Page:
#1: 1938 Horrors of War (as Gum, Inc.)

In the mid-1930s, fascist-led conflicts (Spain's Civil War, Italo-Ethiopian War, Sino-Japanese War) brought death and destruction onto headlines and into wax packs. Gum, Inc. led that effort by selling kids over 100 million colorful and shocking war cards on a size and card stock similar to Goudey's well-known baseball sets. Every card shows something happening, like this pilot thrown from the fuselage of his exploding plane.

1938 Horrors of War #5, China & Japan at war

Horrors of War's first series (#1-240) proved popular enough to spawn a second series highlighting the threat of Nazi Germany (#241-288). All cards professed, "To know the HORRORS OF WAR is to want PEACE."

"War Gum," as kids called it, sold so well that it remains available and popular today. Goudey Gum, their top 1930s competitor, responded with two middling sets of military themes. Based on what's available in the market today, neither matched the popularity of Horrors of War.

#2: 1939-41 Play Ball Gum (as Gum, Inc.)

Buoyed by the success of Horrors of War, Gum, Inc. soon pushed into the baseball market. I've profiled the Play Ball sets before and my Collecting Joe DiMaggio in Yankee Pinstripes post shows all three. They're clean and popular, best known for early cards of Ted Williams and the Clipper. My favorite card's another DiMaggio, "Patchwork Vince."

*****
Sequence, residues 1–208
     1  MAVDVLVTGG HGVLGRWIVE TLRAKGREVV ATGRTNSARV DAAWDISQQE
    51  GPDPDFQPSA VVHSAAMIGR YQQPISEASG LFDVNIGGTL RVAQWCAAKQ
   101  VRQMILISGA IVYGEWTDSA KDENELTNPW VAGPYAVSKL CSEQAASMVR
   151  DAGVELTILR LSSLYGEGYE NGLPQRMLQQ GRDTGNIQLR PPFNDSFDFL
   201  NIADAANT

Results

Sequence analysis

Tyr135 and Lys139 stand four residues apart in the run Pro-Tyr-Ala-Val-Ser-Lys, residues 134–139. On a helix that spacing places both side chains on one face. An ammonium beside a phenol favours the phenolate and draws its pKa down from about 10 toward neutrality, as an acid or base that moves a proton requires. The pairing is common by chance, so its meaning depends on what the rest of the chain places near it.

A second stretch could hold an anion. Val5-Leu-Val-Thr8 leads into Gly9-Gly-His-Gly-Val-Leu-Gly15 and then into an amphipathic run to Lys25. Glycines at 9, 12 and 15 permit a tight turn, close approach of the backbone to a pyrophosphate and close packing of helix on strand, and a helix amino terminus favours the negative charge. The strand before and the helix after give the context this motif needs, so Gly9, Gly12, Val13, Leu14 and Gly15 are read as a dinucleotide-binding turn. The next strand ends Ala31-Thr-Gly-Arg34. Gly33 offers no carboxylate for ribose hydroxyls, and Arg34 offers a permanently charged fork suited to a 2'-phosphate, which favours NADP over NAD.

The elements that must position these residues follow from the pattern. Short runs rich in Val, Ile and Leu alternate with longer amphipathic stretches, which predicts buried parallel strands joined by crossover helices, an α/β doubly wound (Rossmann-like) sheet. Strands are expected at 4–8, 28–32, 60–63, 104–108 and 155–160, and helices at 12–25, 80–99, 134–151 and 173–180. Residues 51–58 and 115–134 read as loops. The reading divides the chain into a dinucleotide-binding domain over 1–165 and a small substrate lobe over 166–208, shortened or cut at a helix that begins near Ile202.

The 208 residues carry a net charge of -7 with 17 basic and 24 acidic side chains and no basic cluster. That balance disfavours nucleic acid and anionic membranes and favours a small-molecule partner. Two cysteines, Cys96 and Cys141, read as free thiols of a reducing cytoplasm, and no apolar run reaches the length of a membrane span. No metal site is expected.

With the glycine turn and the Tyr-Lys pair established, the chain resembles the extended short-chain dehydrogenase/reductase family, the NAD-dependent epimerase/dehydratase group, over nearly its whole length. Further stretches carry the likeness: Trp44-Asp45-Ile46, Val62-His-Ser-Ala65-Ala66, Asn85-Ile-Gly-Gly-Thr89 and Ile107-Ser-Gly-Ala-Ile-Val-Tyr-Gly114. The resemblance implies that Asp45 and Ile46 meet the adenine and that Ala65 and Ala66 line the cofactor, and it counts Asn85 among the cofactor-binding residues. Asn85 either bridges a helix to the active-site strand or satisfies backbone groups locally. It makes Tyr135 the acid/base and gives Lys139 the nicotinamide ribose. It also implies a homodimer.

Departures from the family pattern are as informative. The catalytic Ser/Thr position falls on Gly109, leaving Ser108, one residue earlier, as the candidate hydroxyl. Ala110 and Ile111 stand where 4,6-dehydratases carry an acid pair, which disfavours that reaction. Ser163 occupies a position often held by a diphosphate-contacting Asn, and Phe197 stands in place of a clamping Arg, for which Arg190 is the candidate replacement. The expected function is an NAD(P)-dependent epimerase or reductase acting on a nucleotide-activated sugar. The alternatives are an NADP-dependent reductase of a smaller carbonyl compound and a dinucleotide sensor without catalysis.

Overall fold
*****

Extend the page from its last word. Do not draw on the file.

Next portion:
1941 (or 1942?) Play Ball Gum #61, Vince DiMaggio

1941 Play Ball's checklist numbers 72 cards, but modern researchers believe Gum, Inc. added 49-72 as a new series for 1942, reflecting the fan fever Ted Williams and Joe DiMaggio generated in 1941. That makes Vince part of its second series and reflects the practice (also used by Goudey & National Chicle) of selling and adding to the same set design across multiple years, rather than a single baseball season. See this article by Rich Mueller for more.

Mid-1940s: WWII and a change of name

Bowman's founder endured multiple lawsuits thanks to Gum, Inc's success and its drive to cut production costs. I suspect that for both legal reasons and wartime production needs, it made sense to rebrand as Bowman Gum, distinguishing them from other gum makers. When they reentered the market in 1948, Bowman's name appeared on all card backs: baseball, football, basketball, and non-sports.

From "1948 Bowman Baseball Packs Sell for $521,180"